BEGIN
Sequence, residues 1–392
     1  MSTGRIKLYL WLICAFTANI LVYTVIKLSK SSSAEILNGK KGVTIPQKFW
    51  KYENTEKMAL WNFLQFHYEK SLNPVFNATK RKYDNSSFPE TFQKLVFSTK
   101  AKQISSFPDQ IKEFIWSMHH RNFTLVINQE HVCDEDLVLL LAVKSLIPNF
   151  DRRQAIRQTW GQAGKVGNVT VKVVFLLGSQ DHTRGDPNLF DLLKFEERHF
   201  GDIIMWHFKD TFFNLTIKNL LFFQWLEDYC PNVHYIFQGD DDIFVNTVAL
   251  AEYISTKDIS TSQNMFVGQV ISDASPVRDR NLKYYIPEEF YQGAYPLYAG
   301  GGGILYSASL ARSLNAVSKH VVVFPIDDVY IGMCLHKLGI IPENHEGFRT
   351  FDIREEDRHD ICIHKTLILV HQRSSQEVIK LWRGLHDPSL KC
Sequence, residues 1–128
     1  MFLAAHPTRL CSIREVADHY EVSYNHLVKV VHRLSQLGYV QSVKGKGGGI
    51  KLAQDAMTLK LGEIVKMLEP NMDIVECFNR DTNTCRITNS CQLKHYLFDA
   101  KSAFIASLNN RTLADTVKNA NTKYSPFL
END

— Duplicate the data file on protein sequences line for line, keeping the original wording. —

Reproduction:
Sequence, residues 1–392
     1  MSTGRIKLYL WLICAFTANI LVYTVIKLSK SSSAEILNGK KGVTIPQKFW
    51  KYENTEKMAL WNFLQFHYEK SLNPVFNATK RKYDNSSFPE TFQKLVFSTK
   101  AKQISSFPDQ IKEFIWSMHH RNFTLVINQE HVCDEDLVLL LAVKSLIPNF
   151  DRRQAIRQTW GQAGKVGNVT VKVVFLLGSQ DHTRGDPNLF DLLKFEERHF
   201  GDIIMWHFKD TFFNLTIKNL LFFQWLEDYC PNVHYIFQGD DDIFVNTVAL
   251  AEYISTKDIS TSQNMFVGQV ISDASPVRDR NLKYYIPEEF YQGAYPLYAG
   301  GGGILYSASL ARSLNAVSKH VVVFPIDDVY IGMCLHKLGI IPENHEGFRT
   351  FDIREEDRHD ICIHKTLILV HQRSSQEVIK LWRGLHDPSL KC
Sequence, residues 1–128
     1  MFLAAHPTRL CSIREVADHY EVSYNHLVKV VHRLSQLGYV QSVKGKGGGI
    51  KLAQDAMTLK LGEIVKMLEP NMDIVECFNR DTNTCRITNS CQLKHYLFDA
   101  KSAFIASLNN RTLADTVKNA NTKYSPFL